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The seven myths of ‘slums’

Adam Parsons
08 December 2010


Much may be written about informal settlements in academic books and journals, but the depiction of slums in popular movies and literature often serves to reinforce a number of long-held prejudices against the urban poor. This report sets out to unravel some of these core myths, and aims to give a general perspective on a range of key issues related to 'slums' – including the impact of economic globalisation, the role of national governments, the significance of the informal sector of employment, the question of international aid, and the (little mentioned) controversy surrounding global slum data and development targets.

Although the gritty issue of slums may not register high on many people’s concerns in the richest countries, it has critical implications for the future direction of world development. After several decades of relying on the market as a cure-all for the ills of the twenty-first century, the increasing number of urban residents living in slums is sufficient evidence that the ‘growth-first’ strategy for development isn’t sustainable. In its overall message, this report argues that our only choice is to consider alternative goals and more holistic models for development that prioritise social objectives ahead of economic growth and corporate profit, with a fairer sharing of resources on the national and global level.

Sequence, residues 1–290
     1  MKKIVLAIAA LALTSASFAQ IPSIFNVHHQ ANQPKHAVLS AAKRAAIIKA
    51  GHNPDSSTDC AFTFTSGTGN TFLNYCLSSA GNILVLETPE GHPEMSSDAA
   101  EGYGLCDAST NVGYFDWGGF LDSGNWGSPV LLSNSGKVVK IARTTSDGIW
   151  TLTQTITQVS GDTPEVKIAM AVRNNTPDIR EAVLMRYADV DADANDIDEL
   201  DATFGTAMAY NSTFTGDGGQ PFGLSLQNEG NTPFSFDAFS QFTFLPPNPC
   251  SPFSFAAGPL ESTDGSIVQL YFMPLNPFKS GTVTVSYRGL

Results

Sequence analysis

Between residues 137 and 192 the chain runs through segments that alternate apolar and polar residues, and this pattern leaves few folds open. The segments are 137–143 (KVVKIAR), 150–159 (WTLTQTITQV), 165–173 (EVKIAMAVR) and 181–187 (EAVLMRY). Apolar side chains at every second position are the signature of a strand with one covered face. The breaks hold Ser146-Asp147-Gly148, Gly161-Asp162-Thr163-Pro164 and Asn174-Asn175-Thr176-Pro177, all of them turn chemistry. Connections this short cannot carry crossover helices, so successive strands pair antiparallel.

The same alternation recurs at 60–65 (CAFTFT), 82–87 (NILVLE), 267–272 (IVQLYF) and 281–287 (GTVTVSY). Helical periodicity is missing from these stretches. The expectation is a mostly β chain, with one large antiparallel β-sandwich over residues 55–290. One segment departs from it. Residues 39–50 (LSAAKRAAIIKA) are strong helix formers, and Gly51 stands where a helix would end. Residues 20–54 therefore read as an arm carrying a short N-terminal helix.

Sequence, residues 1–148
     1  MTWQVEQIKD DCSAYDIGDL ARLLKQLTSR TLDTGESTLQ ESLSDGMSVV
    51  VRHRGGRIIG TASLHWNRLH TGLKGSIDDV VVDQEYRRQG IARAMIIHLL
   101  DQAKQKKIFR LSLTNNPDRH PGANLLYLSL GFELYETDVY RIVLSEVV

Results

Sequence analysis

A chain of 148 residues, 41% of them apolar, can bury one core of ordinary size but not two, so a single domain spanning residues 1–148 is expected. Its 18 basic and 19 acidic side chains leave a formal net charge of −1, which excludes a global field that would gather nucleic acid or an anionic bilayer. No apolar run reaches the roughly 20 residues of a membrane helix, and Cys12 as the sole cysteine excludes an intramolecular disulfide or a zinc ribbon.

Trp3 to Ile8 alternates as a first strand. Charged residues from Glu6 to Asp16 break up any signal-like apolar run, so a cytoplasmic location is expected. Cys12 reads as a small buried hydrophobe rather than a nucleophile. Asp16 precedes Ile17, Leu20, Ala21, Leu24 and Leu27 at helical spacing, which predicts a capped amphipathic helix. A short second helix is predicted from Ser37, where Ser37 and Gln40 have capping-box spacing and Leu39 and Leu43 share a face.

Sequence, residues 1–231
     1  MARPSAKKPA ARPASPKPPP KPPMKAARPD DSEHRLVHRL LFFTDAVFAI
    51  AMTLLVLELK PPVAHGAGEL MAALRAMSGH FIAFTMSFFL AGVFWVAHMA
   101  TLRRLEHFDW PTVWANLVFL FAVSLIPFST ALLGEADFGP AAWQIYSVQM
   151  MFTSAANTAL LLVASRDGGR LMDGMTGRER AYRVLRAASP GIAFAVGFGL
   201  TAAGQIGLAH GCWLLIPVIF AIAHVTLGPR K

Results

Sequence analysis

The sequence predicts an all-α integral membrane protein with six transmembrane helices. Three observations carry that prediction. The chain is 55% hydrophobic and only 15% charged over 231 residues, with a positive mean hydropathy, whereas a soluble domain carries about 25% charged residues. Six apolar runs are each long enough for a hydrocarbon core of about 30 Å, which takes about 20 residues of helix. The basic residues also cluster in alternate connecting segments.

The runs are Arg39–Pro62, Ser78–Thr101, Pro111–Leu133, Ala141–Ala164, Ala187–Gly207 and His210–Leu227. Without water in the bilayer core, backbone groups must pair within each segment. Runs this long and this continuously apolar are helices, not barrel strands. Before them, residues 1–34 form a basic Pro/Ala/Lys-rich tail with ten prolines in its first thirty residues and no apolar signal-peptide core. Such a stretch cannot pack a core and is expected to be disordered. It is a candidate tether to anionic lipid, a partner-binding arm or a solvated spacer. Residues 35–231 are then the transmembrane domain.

Link to full report [pdf]: The Seven Myths of 'Slums' - Challenging Popular Prejudices About the World's Urban Poor


A summary of the seven myths

Myth 1: There are too many people

Myth 2: The poor are to blame

Myth 3: Slums are places of crime, violence and social degradation

Myth 4: Slums are an inevitable stage of development

Myth 5: The free market can end slums

Myth 6: International aid is the answer

Myth 7: There will always be slums


Further resources:

‘Megaslumming’ microsite

The Future of Urban Shantytowns: talk given at Amnesty International in London - 24th February 2010